Typically, data within apps exists in three different states:
- Created: Users create data within their apps on a daily, if not hourly or by-the-minute basis. Often this data can be sensitive intellectual property or customer information.
- Generated: Many apps themselves generate their own data after analyzing inputs from users, or other information.
- Delegated: Some apps delegate permissions to other apps, and feed data between them. For example, a Salesforce account may have access to a Gmail or G Suite account.
Without knowing vendor status, teams could be at risk of wasted spend, or potential security vulnerability (if accounts are left open to unauthorized users or unattended altogether).
A selected vendor might be in any of the following phases within an organization:
- Exploratory: A freemium app or free trial are the most typical exploratory phases. Sometimes these licenses automatically convert to paid after the trial expires, or convert to paid after a certain usage limit has been met.
- Unsanctioned: Often referred to as “shadow IT,” these off-the-radar apps exist in nearly every organization, often as a result of a Team Lead or user choosing what works best for them.
- Sanctioned: These represent approved apps by IT or other stakeholders in an organization.
- Deprecated: These are often unused apps at an organization that have already been replaced or are no longer useful, but may never have been canceled.
Rapid rate of change
Managing the SaaS Graph gets a lot more complicated when you examine the rapid rate of change at most organizations. Our 2019 SaaS Trends report found that 43 percent of the average company’s application stack changed in the last two years. According to data from LinkedIn, that’s more than three times the average employee turnover rate in the tech industry. These two factors taken together mean that the average SaaS Graph relationship changes on a dime, which demands an entirely new approach to SaaS Management.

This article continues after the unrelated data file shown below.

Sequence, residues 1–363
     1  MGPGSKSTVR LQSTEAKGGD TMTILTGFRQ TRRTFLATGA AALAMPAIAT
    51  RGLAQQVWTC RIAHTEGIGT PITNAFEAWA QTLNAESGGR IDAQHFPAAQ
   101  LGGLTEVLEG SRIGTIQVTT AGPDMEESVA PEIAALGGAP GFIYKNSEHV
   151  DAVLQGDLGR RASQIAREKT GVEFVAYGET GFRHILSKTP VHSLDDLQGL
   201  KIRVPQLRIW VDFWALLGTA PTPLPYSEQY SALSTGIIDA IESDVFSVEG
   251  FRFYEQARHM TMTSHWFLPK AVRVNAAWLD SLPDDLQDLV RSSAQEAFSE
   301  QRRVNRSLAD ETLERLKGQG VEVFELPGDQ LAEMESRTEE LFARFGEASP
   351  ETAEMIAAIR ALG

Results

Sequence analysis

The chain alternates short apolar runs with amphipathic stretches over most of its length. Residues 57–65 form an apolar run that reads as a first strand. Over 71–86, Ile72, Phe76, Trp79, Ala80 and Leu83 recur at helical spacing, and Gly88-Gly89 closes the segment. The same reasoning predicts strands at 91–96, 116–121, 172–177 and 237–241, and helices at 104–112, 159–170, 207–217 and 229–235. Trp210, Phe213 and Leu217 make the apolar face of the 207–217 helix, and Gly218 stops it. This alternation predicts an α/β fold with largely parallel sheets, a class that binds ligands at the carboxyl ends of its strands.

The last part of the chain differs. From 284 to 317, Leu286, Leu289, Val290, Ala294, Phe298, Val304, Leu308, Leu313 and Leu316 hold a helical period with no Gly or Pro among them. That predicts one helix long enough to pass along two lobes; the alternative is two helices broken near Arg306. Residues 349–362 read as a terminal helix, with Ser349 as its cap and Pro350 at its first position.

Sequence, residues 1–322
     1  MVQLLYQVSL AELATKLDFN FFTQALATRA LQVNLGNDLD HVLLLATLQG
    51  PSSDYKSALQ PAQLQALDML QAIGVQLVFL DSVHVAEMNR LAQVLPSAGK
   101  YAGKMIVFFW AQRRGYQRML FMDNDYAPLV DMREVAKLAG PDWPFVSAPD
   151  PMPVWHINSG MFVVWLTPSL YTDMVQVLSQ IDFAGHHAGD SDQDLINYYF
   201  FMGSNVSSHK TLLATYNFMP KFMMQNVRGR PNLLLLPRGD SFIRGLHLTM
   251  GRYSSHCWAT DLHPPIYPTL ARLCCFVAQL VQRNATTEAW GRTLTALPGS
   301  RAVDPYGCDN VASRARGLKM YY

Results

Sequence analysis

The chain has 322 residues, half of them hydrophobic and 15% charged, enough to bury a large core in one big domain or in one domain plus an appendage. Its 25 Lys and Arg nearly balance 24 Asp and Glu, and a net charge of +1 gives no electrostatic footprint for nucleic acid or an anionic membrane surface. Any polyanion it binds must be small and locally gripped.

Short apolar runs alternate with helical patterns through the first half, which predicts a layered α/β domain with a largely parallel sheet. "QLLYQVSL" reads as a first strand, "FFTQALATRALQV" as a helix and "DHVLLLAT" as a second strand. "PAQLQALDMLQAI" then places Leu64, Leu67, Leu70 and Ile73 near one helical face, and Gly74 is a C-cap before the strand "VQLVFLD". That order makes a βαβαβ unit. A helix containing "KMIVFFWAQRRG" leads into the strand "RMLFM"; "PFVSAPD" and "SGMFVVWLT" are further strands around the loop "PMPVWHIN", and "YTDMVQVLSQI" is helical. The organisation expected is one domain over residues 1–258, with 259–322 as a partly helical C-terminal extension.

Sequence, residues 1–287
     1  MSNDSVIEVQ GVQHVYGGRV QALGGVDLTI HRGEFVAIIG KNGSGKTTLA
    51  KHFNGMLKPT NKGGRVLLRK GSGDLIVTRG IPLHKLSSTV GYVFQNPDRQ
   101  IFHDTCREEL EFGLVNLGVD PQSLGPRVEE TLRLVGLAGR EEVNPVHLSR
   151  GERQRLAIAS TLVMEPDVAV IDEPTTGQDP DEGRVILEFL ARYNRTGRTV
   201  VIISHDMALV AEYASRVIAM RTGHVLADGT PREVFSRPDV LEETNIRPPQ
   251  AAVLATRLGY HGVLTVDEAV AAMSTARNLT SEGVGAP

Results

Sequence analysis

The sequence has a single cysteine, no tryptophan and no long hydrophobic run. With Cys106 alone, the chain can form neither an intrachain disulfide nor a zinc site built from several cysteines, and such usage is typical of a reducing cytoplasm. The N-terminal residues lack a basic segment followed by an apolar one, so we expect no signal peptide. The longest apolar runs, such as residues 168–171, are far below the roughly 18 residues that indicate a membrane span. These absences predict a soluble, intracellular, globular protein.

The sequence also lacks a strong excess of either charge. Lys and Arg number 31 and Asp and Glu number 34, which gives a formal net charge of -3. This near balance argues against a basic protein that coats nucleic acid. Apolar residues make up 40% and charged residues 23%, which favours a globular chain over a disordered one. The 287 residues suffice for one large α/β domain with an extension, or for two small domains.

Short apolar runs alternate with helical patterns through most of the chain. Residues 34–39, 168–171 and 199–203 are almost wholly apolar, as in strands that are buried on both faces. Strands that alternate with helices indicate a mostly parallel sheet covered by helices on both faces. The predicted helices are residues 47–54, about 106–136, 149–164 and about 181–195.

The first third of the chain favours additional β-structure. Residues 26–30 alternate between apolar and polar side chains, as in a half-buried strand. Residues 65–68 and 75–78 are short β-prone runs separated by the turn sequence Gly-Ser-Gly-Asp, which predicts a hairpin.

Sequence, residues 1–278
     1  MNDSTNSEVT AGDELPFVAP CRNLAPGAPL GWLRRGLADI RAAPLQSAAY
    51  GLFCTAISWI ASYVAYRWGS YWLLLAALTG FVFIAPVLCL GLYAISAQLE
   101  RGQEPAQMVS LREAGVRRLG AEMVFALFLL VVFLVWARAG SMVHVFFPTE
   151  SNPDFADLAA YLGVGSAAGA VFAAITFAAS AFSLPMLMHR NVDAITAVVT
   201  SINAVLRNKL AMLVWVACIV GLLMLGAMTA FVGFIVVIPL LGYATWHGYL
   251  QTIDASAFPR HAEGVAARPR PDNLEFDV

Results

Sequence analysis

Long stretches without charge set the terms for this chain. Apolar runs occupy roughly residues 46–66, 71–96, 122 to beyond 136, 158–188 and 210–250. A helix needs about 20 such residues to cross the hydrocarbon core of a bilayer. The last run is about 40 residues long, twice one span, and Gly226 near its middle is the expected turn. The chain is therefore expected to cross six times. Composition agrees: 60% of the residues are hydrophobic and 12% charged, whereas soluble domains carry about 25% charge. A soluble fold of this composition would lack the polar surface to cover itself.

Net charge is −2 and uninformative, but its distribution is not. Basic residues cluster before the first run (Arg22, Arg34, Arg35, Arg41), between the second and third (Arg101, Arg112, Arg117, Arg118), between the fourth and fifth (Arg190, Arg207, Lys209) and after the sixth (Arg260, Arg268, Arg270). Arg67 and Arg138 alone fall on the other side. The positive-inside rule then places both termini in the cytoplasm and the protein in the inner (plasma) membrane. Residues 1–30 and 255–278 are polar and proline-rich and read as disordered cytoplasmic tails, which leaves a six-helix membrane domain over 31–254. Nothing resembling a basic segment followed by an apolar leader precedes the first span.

Managing The SaaS Graph: A team sport
Since there’s typically no longer a “command-and-control” approach of a centralized IT manager provisioning apps across the company, each dimension in the SaaS Graph needs to be periodically examined. There’s a new set of stakeholders in town, and they each need a seat at the table.
By taking a collaborative IT approach, organizations can bring all of the key stakeholders into the process of SaaS management. Unlike in the command-and-control days, team leaders, finance, HR, operations, security and IT must all be involved in the process to ensure that each SaaS Graph relationship is valid and up-to-date.
While this approach may sound more complex, in reality, it’s a cultural shift that feels natural to most organizations, and is much simpler to maintain in the long run. Each group has a vested interest in sharing responsibility for SaaS apps: whether it’s to gain access to the right apps, balance the budget, or ensure security and compliance. Gathering these teams around a single system of record can ensure that everyone’s getting what they need out of technology in a fast-growing organization.